Liveable London

“A Liveable London is a city where it’s enjoyable and safe to walk and cycle for all your local trips, where there are relaxing places outside where you can watch the world go by or chat with your neighbours, and where children can safely roam and walk or cycle to school. It’s a London where our families, friends and communities are put first on our streets, and where motor traffic, pollution and congestion don’t dominate our public spaces.”

So says a campaign leaflet produced by Living Streets* and the London Cycling Campaign (LCC) (leaflets here) in the runup to the local elections. Haringey was one of seven London boroughs that won funding in 2017 from the Greater London Authority and the TfL Liveable Neighbourhoods programme. The campaigners want to convince candidates from all major political parties of the desirability of such a policy, while also allowing for the extensive discussions that would be needed with local residents to take into consideration the concerns of all of them, and produce a plan that overall they consider a positive development for their neighbourhood. TfL provides detailed guidance about what is required on its website. *See also London Living Streets.

Pic. is from Enfield cycling campaign in 2016, and a contributor to their site says:

Orford Road, in the award-winnig 'mini-Holland' scheme in Waltham Forest, "used to have heavy car traffic but is now restricted to buses and bikes only between 10am and 10pm. Closing it to car traffic caused huge controversy at the time, with local shop owners claiming that it would be the death of their businesses. (Some of them even disrupted the opening ceremony last year by carrying a coffin down the street.)"

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  • Hop on the train to Palmers Green (only two stops from Ally Pally!), turn left out of the station and see our cycle lanes up the Green Lanes plus our now much lovelier Palmers Green Triangle with a new road layout and much miserable street furniture removed. Turn right out of the station and admire our continuous pavements on the turnings along Aldermans Hill - part of the Fox Lane Quieter Neighbourhood.

    • Thanks very much, Julia, for the info!  I will check it out. I've heard friends (living in Wood Green) who are drivers complaining about the layout of the cycle lanes in Green Lanes (while others really like it) - do you have any concerns about what has been done?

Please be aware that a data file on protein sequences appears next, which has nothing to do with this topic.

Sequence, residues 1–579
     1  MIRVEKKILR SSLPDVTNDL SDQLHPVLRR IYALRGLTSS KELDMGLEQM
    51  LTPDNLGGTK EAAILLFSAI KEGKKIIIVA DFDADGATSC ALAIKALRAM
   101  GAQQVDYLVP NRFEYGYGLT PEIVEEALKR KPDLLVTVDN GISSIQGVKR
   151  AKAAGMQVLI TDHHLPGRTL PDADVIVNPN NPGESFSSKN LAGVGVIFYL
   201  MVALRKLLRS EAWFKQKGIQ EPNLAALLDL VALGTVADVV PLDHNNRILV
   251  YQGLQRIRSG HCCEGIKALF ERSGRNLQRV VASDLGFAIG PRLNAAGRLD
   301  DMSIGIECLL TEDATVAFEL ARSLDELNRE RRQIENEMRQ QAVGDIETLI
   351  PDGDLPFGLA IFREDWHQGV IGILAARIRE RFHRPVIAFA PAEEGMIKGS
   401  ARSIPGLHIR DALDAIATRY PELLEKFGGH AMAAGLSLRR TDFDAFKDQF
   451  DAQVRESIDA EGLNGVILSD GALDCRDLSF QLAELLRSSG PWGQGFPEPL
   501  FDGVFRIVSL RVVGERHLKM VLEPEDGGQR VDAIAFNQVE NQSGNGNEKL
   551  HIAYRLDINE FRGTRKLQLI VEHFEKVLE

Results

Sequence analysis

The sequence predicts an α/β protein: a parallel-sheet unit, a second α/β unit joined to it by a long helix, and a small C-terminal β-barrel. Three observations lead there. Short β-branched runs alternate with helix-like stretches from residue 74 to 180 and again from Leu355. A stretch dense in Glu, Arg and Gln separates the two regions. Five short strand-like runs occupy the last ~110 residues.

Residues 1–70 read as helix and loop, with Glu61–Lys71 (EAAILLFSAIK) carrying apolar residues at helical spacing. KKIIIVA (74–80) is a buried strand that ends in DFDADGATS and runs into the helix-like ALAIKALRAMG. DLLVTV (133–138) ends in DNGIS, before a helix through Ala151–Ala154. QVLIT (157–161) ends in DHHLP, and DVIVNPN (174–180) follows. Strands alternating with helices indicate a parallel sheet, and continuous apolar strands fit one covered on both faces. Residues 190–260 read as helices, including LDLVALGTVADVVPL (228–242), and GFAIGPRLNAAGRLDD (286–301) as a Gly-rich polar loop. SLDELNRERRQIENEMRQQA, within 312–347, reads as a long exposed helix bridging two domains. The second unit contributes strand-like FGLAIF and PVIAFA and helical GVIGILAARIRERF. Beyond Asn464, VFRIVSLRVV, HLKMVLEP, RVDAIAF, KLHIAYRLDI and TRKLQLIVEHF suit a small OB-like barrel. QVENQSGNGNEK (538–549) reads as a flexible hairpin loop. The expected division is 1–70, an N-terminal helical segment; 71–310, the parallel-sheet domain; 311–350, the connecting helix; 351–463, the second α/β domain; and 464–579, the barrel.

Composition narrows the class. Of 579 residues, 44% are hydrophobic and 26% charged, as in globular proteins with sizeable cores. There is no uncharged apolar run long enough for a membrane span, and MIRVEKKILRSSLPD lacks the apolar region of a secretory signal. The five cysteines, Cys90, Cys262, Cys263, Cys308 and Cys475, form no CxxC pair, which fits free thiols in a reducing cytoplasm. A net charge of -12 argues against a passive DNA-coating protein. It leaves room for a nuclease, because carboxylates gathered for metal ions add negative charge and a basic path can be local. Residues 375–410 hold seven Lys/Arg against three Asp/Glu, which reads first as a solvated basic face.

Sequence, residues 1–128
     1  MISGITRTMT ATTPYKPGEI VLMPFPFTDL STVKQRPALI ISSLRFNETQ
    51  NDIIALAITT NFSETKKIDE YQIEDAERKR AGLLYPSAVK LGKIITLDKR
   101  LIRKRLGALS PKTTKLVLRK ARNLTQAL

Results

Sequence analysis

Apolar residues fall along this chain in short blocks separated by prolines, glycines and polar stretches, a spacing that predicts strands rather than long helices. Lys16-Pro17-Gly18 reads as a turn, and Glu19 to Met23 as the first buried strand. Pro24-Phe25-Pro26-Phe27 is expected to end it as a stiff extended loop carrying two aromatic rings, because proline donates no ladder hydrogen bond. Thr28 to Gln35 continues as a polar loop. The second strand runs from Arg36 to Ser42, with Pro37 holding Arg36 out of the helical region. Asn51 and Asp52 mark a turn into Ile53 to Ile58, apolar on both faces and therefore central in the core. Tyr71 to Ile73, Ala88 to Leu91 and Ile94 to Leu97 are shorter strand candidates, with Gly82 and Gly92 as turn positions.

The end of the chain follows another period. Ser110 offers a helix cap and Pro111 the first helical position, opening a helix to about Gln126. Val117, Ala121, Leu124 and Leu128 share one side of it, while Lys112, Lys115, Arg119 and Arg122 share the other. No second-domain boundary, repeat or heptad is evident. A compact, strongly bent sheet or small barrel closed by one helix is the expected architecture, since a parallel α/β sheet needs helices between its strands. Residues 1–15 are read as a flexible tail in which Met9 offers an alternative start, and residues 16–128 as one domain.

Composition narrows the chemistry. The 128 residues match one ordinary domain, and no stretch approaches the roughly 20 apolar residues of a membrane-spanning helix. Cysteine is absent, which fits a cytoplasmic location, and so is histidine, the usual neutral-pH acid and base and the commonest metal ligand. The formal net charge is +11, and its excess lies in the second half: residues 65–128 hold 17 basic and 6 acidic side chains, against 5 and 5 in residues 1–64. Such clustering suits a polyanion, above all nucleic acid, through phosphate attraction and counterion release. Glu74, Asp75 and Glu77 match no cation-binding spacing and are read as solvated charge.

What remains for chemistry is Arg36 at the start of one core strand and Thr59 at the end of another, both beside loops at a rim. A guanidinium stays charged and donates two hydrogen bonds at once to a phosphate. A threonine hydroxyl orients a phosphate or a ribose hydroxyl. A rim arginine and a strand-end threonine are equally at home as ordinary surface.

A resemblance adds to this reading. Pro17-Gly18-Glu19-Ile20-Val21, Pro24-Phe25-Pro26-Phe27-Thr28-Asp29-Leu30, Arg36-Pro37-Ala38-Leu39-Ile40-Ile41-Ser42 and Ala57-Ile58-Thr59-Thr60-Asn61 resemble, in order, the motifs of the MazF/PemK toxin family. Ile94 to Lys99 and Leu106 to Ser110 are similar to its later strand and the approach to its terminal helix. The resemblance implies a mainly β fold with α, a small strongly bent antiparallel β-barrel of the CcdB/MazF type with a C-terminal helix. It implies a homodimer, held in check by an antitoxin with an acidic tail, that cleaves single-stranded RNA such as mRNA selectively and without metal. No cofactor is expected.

I did have a look at the Orford Road scheme - it looks great, and I understand that the local business that complained most bitterly about the scheme when it was being planned, fearing loss of custom, is now having to hire new staff because of the increase in footfall! So your common sense is probably right, Susie. Have the businesses affected by the scheme in Palmers Green done ok, Julia?

      With the Orford Road scheme, it looks like the amount of traffic in streets surrounding the scheme has increased a bit after it was introduced, because there is not much in the way of a natural boundary around the scheme. Though the overall amount of traffic has decreased. I think the Palace Gates area has better boundaries, so any traffic filtering would have less of a knock-on effect - the boundaries being the railway, the park, and Durnsford road and Albert Road Rec.


    • I don't cycle but I go on foot, car and public transport. There were traffic jams during the roadworks, but traffic moves smoothly now they're gone. My commute is up to Enfield Town by bus and it's the same length of time, even though there are three extra zebra crossings and lights have been adjusted in favour of pedestrians. Businesses are struggling on the Green Lanes like everywhere, but I don't think the bike lanes can be blamed. We shall have to see if business perks up now.

    • Ah, I see, it's still being completed!  There's masses of info. on the Palmers Green Community website:

      I guess it's basically a cycle network, without attempts to control rat-running or reduce traffic generally? Except that of course if people are better able to cycle and walk (and also take public transport) they will hopefully be less likely to use their cars.


      Cycle Enfield (Mini-Holland) - Palmers Green Community
      News and views about the Cycle Enfield project
      Cycle Enfield (Mini-Holland) - Palmers Green Community
      News and views about the Cycle Enfield project
    • Also, it appears to be a very large cycle network.


  • This sounds excellent. I’d be interested in visiting Orford Road in Waltham Forest to see how it is working. I know local businesses in Palmers Green fought the mini-Holland scheme there, saying that any restrictions on drivers would reduce business. I’ve never really understood how making an environment better and more pedestrian friendly would have a negative impact on local shops-I thought it would be the opposite. 

    • Yes, I was intending to visit the Orford Road area sometime - perhaps we should organise a group visit, and then discuss relevance to the AP area in a cafe/pub afterwards?


    • Annabel, Orford Road is delightful. I've often cycled there - it's a very short pedestrianised section with bike racks and a fabulous cheese shop, wonderful tapas bar and the most upmarket Co-op in London. The pedestrianisation certainly does not seem to affect the shops, but there again it is a quite short stretch of shops, easily accessible by all.. Have a look at the lovely old church if you go and Vinegar Alley, just around the corner from Orford. 


    • This is quite interesting re: the mini Holland scheme there. It's a very cycle friendly area.

      Mini Holland has been shortlisted for another design award
      The controversial pedestrianisation of Orford Road has been shortlisted for a national planning award.
    • Thanks very much for these, Annie!  You've inspired me to go and visit the area.


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